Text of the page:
Tiger still stuck in his rut at Doral

The harbingers for Tiger Woods these days are all bad.

The more he plays, the more he appears stuck in a revolving door: His play is at best mediocre which hurts his confidence which in turn seems to beget more bad play.

And, while he continues to struggle, the gap between the former world No. 1 and those who have overtaken him in the sport he dominated for so long continues to widen. That much was obvious after Thursday’s interrupted first round of the Cadillac Championship at Doral.

A fierce midday storm swept through Miami, rendering the famous Blue Monster toothless. The wind layed down, the rain left the greens soft and receptive; if there was ever a day to take advantage of Doral, this was that day.

World Mo. 1 Martin Kaymer started with three straight birdies and when played was stopped due to darkness was 5 under par through 10 holes. Hunter Mahan carded seven birdies, against no bogeys, through 12 holes. Seven players were at 5 under and only 14 in the 66-man field were over par.

Tiger Woods? He was languishing in a tie for 35th at 1 under par with three holes left to play in his opening round. He managed just two birdies against a bogey set up by a just awful miss. That bogey revealed, in microcosm, what ails Woods.

With the pin on the right at the long par 3 13th, Woods pulled instead of cut a long iron and flew his shot into the left trap. In days gone by, he would’ve relied on his deft short game to save par. But now that he’s changed his short-game technique – an evolution which he hasn’t come close to mastering – he chopped the bunker shot to 20 feet and missed the putt. Missing putts was the motif of his day, as it has been too many times the past year.

Playing alongside Phil Mickelson and Graeme McDowell as the afternoon‘s marquee attraction, Woods hit his approach closest on their first hole, the par 5 10th.

Yet when the threesome walked off the green, only Woods, who had eight feet for birdie, was still at even par.

McDowell, who’s making a habit of draining long putts on Woods — as he did to win the Chevron World Challenge in December — tapped in from 28 feet and Mickelson made from 12 feet.

As he stood on the 11th tee, the expression on Woods’ face matched the dark clouds still lingering overhead. Sadly for him, his mood wouldn’t much change.

To highlight just how poor Woods was on the greens Thursday, consider that the only two putts of substance he made were a 12 footer for par and an eight footer for birdie. In all, he had seven putts from between 10 to 15 feet — a range from which he was once deadly — and made just one.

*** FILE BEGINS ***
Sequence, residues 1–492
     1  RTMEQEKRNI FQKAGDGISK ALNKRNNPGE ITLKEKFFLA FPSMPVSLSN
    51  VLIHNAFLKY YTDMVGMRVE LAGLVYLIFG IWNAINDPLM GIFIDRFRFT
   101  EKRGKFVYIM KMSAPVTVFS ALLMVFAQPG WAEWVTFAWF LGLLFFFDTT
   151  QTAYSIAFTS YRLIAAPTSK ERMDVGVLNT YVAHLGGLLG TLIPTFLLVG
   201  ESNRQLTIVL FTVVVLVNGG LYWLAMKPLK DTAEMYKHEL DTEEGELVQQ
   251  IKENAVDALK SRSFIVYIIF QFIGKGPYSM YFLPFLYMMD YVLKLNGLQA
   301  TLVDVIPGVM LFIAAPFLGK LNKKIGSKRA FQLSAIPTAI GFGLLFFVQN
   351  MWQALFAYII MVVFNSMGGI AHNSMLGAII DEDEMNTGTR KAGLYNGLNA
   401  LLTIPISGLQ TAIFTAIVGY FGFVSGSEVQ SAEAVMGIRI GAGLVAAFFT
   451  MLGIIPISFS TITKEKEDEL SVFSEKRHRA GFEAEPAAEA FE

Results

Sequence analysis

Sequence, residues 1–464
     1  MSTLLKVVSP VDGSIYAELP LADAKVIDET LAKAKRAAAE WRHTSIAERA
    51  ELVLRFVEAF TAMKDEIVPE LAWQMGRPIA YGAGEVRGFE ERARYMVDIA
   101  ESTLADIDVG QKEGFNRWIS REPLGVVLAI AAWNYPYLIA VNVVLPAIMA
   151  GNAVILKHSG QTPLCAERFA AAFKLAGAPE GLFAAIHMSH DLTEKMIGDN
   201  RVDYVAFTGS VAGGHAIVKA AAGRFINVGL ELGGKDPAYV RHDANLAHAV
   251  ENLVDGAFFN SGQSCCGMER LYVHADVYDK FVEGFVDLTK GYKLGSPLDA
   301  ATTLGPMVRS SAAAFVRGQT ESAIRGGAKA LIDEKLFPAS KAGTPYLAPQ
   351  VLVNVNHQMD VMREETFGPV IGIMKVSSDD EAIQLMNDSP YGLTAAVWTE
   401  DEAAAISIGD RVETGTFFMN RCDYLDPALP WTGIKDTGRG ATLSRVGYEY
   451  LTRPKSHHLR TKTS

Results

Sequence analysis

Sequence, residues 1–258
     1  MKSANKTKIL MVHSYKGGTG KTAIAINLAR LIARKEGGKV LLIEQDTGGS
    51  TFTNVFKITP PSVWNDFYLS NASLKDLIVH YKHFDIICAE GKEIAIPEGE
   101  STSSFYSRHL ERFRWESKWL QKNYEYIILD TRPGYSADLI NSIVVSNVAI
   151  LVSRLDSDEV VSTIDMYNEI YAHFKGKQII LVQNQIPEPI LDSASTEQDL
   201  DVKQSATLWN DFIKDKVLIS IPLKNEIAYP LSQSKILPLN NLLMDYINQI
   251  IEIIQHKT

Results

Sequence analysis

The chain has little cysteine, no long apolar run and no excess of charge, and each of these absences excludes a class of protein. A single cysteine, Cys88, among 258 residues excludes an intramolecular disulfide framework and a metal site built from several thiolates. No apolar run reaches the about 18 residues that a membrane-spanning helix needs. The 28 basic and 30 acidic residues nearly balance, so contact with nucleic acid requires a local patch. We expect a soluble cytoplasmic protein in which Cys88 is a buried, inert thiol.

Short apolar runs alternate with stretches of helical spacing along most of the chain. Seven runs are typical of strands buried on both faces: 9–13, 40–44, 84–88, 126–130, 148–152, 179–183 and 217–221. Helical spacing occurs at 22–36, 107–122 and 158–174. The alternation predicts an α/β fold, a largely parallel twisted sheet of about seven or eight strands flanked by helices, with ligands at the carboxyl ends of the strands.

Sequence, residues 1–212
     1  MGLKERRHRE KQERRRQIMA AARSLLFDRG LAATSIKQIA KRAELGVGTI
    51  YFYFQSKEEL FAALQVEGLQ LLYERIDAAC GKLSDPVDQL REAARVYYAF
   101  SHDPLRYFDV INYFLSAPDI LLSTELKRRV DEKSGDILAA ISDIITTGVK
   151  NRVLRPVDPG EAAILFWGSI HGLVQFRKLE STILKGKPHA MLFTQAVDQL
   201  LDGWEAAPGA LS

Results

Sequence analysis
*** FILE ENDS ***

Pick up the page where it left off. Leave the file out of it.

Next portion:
Meanwhile, Vijay Singh, the most dismal of putters for much of his career, had four putts within that range and three of them found the bottom of the cup. Singh, who’s employing a strange new grip on a belly putter, will resume early on Friday morning at 5 under par.

Another player who’s been betrayed by his putter too many times, Australian Adam Scott, used a broomstick putter again and finds himself at 4 under par. It’s unfathomable that either of them would ever be putting better than Woods, yet it was the 14-time major champion who had 26 putts through 15 holes.

Mickelson finished the day at 2 under par but, like Woods, was left ruing missed opportunities. “When the storm went away, the weather cleared up and we just had beautiful weather,” he said. “There were some low scores. We didn’t play our best but we didn’t play terrible to where we shot ourselves in the foot. We are in good position tomorrow to come back out (and) finish the round strong.”

In the end, I wonder if Woods would do well to chew on the thoughts of Mahan, who is also a student of Canadian swing coach Sean Foley. Asked how he came to birdie his first four holes and seven of his opening 11, the laid-back Californian said he “just wanted to go out there and play and let everything happen.”

“I just kind of want to trust my game, trust my swing and just let everything kind of flow,” he said.

Woods looks like he trusts nothing about his game and is far too tense to let anything flow. “I got off to a good start and that just kind of gives you a little confidence and gives you a little momentum,” Mahan added.

Which got me thinking. I can’t remember the last time Woods got off to a good start or the last time he had any positive momentum.